In 1994, Congress passed a law called the Communications Assistance for Law Enforcement Act (CALEA), which requires telecommunication providers to build wiretapping and surveillance capabilities for law enforcement officials into their new technologies.
A recent rulemaking by the Federal Communications Commission (FCC) significanty expands the reach of CALEA beyond telephone companies and ISPs:
The federal government, vastly extending the reach of an 11-year-old law, is requiring hundreds of universities, online communications companies and cities to overhaul their Internet computer networks to make it easier for law enforcement authorities to monitor e-mail and other online communications.
The action, which the government says is intended to help catch terrorists and other criminals, has unleashed protests and the threat of lawsuits from universities, which argue that it will cost them at least $7 billion while doing little to apprehend lawbreakers. . . .
The order, issued by the Federal Communications Commission in August and first published in the Federal Register last week, extends the provisions of a 1994 wiretap law not only to universities, but also to libraries, airports providing wireless service and commercial Internet access providers.
It also applies to municipalities that provide Internet access to residents, be they rural towns or cities like Philadelphia and San Francisco, which have plans to build their own Net access networks.
Shouldn’t the government be paying these costs? Why should the government be imposing this quasi-tax on those providing communications services?
According to the article:
If law enforcement officials obtain a court order to monitor the Internet communications of someone at a university, the current approach is to work quietly with campus officials to single out specific sites and install the equipment needed to carry out the surveillance. This low-tech approach has worked well in the past, officials at several campuses said.
But the federal law would apply a high-tech approach, enabling law enforcement to monitor communications at campuses from remote locations at the turn of a switch.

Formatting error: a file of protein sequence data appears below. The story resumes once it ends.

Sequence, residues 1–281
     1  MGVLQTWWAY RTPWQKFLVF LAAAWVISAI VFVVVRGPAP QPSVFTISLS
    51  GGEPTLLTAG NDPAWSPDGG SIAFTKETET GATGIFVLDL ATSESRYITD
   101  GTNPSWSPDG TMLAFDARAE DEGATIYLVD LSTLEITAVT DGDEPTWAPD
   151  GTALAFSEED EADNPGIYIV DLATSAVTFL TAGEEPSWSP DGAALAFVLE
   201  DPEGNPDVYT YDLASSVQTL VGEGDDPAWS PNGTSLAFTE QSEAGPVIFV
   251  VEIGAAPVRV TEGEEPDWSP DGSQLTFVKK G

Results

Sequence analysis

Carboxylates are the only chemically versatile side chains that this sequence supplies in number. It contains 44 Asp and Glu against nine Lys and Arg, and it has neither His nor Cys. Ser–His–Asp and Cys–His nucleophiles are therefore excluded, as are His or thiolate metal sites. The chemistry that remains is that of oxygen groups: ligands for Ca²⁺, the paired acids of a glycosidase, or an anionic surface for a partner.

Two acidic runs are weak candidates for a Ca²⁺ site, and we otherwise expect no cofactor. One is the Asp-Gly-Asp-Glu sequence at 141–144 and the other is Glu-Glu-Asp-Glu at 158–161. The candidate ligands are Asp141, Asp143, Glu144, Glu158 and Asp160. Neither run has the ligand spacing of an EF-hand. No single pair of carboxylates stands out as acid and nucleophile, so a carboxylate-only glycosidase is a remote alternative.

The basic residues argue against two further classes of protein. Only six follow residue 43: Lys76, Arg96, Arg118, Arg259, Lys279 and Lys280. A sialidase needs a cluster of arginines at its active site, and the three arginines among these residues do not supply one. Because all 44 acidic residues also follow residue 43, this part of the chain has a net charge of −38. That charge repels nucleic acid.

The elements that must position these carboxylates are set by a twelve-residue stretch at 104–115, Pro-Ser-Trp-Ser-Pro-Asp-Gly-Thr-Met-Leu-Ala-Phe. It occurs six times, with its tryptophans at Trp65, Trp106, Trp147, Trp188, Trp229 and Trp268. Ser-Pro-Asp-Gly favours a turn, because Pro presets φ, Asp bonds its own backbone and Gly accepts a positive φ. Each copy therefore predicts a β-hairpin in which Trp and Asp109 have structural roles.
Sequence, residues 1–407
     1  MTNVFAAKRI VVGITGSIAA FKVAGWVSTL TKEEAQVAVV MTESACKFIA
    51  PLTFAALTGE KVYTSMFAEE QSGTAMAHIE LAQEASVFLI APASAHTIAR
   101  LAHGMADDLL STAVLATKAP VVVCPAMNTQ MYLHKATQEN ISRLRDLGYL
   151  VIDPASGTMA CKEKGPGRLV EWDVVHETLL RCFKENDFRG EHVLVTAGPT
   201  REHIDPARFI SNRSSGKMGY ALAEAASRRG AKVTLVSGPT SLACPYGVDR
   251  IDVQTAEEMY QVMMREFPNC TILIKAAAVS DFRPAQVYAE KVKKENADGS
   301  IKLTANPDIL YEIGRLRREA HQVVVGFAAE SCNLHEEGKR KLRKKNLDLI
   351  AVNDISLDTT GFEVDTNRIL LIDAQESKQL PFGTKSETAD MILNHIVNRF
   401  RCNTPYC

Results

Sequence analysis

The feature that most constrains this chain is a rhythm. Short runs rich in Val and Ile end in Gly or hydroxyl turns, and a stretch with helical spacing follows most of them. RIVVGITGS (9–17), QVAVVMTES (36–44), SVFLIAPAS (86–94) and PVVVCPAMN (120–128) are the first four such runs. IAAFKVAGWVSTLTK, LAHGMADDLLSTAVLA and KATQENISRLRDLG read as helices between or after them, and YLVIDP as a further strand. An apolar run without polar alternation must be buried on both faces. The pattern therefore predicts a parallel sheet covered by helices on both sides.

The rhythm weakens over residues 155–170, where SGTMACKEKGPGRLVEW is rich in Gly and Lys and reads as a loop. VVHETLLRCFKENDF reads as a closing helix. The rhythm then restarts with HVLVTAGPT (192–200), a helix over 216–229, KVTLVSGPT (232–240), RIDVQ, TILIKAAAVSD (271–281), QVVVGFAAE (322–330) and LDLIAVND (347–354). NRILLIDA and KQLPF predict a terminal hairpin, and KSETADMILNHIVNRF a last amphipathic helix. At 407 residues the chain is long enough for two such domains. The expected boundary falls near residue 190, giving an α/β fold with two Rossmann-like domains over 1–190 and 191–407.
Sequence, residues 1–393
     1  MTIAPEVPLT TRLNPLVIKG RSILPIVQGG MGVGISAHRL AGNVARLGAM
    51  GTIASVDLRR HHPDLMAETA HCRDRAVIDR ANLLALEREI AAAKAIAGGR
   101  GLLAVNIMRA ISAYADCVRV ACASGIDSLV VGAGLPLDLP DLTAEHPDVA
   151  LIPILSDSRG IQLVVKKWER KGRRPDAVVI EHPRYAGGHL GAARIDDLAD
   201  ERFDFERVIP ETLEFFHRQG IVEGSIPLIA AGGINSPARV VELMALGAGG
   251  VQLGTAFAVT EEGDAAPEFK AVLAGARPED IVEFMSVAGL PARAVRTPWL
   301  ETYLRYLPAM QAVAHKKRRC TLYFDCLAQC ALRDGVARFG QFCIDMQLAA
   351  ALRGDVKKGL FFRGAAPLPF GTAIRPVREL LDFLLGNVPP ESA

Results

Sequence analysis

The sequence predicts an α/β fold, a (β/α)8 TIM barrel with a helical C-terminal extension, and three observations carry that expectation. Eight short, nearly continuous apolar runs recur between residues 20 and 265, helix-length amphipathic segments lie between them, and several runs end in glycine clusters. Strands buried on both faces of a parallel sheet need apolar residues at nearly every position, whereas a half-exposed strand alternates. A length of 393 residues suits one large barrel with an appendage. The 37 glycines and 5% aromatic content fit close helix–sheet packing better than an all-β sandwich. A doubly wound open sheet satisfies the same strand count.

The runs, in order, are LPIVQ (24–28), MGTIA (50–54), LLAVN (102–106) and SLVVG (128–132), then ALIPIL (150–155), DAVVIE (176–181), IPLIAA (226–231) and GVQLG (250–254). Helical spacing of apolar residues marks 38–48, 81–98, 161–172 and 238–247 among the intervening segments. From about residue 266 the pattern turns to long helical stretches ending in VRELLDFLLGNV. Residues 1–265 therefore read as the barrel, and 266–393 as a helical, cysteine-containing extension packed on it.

It would require universities to re-engineer their networks so that every Net access point would send all communications not directly onto the Internet, but first to a network operations center where the data packets could be stitched together into a single package for delivery to law enforcement, university officials said.
It is certainly true that new technology can erode the government’s ability to engage in surveillance. It can also enhance the government’s surveillance capabilities too. Setting aside the issue of the merits of the government surveillance, the issue of who pays for it is also a very important one. Placing the costs on those developing or supplying the technology can severely hinder the development of technology and its use. And saddling such a large financial burden on educational institutions at a time of rapidly rising education costs strikes me as very unwise and troublesome.
Originally posted at Concurring Opinions
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This post was authored by Professor Daniel J. Solove, who through TeachPrivacy develops computer-based privacy training, data security training, HIPAA training, and many other forms of awareness training on privacy and security topics. Professor Solove also posts at his blog at LinkedIn. His blog has more than 1 million followers.
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